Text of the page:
The General Data Protection Regulation (GDPR) is due to be implemented on 25 May 2018. The UK’s decision to leave the EU by the end of April 2019 does not mean that impending EU legislation will not be implemented by the UK.

The GDPR will replace the existing EU Data Protection Directive on which the Data Protection Act 1998 is based and is directly applicable in each member state. The benefit of this is that, without national interference the data protection rules for all EU member states will be the same, and therefore, it should mean that compliance with the rules is easier to adhere to.

What you need to know:

Whilst the underlying concepts and principles of the GDPR are the same as those under the current EU data protection legislation; there are some new concepts introduced and several key changes which you will need to prepare for by May 2018. Those changes include:

  • Extending the scope of the data protection regulations to businesses outside the EU who operate within the EU;
  • Enhancing and tightening the rules on consent;
  • Enhancing the rights of Data Subjects and introducing new concepts such as the ‘right to be forgotten’ and the right to request data transfer to a third party (data portability);
  • New reporting requirements for breaches of the Data Protection legislation;
  • The introduction of the concept of Privacy by Design and the need to include data protection in your plans, policies and procedures from the outset;
  • The requirement for Privacy Impact Assessments to be produced in high-risk situations;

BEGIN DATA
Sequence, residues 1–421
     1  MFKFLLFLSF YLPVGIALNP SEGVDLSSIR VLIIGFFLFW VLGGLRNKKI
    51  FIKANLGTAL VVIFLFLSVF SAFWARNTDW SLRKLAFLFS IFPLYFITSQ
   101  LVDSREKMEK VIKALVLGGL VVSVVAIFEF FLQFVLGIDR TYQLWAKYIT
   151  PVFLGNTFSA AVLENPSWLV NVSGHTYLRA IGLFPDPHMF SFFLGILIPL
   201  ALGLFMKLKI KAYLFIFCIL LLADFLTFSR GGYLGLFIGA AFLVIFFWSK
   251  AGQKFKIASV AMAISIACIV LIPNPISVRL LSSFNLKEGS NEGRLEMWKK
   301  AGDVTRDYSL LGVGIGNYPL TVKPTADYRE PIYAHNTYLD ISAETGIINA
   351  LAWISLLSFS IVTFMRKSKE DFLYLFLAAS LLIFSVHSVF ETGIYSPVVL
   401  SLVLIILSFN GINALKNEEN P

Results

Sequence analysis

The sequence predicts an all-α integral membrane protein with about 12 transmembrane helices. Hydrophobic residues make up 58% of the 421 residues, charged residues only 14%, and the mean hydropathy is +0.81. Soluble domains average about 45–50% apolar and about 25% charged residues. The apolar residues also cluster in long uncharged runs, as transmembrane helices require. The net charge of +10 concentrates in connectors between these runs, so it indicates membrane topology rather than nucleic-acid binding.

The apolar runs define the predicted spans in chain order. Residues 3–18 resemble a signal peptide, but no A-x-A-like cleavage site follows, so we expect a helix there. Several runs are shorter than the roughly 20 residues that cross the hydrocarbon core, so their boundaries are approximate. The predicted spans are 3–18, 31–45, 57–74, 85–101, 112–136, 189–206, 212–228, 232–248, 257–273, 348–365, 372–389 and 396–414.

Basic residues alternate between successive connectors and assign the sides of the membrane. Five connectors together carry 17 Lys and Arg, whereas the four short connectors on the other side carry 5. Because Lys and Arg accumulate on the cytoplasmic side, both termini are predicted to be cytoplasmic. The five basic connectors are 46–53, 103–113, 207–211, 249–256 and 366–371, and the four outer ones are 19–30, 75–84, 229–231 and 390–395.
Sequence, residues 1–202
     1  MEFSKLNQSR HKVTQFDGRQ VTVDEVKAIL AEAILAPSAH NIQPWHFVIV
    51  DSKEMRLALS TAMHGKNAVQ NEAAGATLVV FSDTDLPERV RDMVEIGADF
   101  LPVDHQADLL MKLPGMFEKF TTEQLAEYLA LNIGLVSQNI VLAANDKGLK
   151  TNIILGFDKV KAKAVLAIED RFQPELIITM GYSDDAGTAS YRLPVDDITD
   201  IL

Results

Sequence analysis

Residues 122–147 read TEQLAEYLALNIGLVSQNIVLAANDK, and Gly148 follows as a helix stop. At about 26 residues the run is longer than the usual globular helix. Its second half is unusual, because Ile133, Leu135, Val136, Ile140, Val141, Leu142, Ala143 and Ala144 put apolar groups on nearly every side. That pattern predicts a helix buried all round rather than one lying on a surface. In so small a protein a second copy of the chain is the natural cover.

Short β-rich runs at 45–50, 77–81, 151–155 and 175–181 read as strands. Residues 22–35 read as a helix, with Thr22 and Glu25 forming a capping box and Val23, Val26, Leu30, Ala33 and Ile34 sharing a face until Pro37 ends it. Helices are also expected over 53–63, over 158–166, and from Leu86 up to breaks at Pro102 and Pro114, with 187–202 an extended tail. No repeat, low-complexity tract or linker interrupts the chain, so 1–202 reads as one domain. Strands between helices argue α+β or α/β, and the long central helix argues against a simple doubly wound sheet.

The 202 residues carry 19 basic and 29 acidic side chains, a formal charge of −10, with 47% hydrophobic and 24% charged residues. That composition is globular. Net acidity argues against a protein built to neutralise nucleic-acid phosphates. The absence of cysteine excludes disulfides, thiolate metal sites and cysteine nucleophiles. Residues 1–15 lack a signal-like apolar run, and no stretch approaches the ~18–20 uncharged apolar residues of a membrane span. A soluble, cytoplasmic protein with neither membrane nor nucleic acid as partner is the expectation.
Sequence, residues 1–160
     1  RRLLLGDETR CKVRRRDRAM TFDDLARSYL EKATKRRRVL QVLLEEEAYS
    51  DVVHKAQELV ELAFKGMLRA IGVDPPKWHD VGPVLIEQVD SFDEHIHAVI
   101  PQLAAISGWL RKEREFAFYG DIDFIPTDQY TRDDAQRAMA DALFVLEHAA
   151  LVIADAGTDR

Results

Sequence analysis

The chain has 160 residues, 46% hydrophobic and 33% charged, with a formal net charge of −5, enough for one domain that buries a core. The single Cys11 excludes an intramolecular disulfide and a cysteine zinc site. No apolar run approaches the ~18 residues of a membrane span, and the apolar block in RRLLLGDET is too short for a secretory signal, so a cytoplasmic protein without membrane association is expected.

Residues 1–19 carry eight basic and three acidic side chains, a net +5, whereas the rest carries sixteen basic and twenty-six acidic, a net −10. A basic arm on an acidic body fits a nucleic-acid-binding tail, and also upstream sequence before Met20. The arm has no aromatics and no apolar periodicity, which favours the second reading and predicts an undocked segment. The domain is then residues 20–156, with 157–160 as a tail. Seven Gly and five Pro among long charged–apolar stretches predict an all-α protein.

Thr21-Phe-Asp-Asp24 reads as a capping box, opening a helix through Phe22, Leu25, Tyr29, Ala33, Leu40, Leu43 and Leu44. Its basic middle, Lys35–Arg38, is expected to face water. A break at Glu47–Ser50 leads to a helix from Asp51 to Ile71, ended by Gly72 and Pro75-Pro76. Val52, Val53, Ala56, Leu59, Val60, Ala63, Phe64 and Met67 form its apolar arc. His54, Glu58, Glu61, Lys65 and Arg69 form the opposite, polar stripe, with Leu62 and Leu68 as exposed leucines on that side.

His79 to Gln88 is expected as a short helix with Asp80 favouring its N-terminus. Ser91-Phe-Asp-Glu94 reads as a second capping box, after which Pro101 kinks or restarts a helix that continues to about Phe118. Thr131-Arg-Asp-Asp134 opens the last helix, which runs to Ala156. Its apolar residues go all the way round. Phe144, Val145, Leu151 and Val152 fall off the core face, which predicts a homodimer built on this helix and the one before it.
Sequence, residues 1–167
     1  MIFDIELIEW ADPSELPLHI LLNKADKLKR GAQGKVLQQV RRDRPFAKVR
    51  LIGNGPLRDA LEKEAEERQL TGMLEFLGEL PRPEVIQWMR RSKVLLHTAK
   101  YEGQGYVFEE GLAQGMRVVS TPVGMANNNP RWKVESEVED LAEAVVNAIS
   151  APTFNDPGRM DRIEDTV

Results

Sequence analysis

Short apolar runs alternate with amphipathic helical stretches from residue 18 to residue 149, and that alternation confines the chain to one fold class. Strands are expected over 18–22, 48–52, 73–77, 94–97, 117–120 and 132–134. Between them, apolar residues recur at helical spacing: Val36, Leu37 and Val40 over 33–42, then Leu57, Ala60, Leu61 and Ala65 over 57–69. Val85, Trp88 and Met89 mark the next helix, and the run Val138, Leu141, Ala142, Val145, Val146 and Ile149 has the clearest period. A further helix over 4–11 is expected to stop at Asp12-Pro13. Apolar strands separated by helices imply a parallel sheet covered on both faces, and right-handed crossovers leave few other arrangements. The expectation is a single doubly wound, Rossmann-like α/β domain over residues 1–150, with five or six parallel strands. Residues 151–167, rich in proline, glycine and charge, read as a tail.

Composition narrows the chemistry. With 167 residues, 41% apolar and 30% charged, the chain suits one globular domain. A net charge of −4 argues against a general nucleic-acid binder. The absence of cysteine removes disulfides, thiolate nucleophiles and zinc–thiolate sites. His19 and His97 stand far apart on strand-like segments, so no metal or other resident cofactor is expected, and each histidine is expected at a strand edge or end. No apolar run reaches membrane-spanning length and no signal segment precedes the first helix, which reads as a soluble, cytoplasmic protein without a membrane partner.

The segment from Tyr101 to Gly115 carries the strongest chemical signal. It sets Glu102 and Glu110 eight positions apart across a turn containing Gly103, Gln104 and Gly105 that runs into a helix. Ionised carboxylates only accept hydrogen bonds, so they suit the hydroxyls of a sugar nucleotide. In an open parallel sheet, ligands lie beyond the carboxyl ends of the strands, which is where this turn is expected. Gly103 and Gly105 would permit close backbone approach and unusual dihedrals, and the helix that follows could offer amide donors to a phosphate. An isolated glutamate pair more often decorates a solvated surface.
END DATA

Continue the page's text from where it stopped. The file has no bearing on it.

• The introduction of tougher sanctions for breaches of the Data Protection legislation;
  • The introduction of a requirement for Data Protection Officers to be appointed in public authorities and organisations conducting high-risk activities.

Whilst the above key changes are by no means the full extent of the changes introduced by the GDPR, they are a snapshot of some of the most important changes that your business needs to be aware of.

For most UK businesses, the change likely to have the biggest impact is that relating to consent. Under the GDPR consent must be informed and must be given by affirmative action. Silence, pre-ticked boxes and/or inactivity will not be sufficient. Furthermore, these provisions will apply to data acquired prior to the GDPR coming into place as well as data to be acquired after April 2019.

One key effect of this will be the need for businesses to review the data which they currently hold to determine what consent, if any, they have in respect of that data. Where any consent has not been fully informed or expressly given, the business will need to consider deleting that data or contacting the data subject to get express informed consent that is unless one of the other lawful processing conditions applies. The impact of this on such things as marketing databases could be significant.

If you want to read further information about GDPR then take look at the Information Commissioner’s overview here.

If you would like help reviewing the HR impact of these changes in your organisation, please do give us a call. We provide outsourced HR support that has a really positive impact on your business and can provide the HR support and advice that you need. Call us on 01473 360160 to discuss how we can support you.

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